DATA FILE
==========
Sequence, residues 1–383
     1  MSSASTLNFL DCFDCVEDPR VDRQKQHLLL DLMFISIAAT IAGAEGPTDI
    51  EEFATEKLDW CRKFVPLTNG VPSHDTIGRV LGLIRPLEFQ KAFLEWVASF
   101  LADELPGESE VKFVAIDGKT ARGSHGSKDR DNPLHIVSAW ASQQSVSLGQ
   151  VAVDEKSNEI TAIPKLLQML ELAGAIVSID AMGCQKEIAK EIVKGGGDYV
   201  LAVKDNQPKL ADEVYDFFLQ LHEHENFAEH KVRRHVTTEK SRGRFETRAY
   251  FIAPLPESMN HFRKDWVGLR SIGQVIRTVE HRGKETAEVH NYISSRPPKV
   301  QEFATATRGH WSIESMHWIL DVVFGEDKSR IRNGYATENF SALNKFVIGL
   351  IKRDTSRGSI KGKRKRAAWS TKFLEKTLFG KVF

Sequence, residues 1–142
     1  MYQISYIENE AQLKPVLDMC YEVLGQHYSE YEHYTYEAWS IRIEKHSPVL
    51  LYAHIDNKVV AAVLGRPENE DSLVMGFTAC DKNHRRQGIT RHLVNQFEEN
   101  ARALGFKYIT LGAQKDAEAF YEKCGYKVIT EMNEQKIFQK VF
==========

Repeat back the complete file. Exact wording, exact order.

Sequence, residues 1–383
     1  MSSASTLNFL DCFDCVEDPR VDRQKQHLLL DLMFISIAAT IAGAEGPTDI
    51  EEFATEKLDW CRKFVPLTNG VPSHDTIGRV LGLIRPLEFQ KAFLEWVASF
   101  LADELPGESE VKFVAIDGKT ARGSHGSKDR DNPLHIVSAW ASQQSVSLGQ
   151  VAVDEKSNEI TAIPKLLQML ELAGAIVSID AMGCQKEIAK EIVKGGGDYV
   201  LAVKDNQPKL ADEVYDFFLQ LHEHENFAEH KVRRHVTTEK SRGRFETRAY
   251  FIAPLPESMN HFRKDWVGLR SIGQVIRTVE HRGKETAEVH NYISSRPPKV
   301  QEFATATRGH WSIESMHWIL DVVFGEDKSR IRNGYATENF SALNKFVIGL
   351  IKRDTSRGSI KGKRKRAAWS TKFLEKTLFG KVF

Sequence, residues 1–142
     1  MYQISYIENE AQLKPVLDMC YEVLGQHYSE YEHYTYEAWS IRIEKHSPVL
    51  LYAHIDNKVV AAVLGRPENE DSLVMGFTAC DKNHRRQGIT RHLVNQFEEN
   101  ARALGFKYIT LGAQKDAEAF YEKCGYKVIT EMNEQKIFQK VF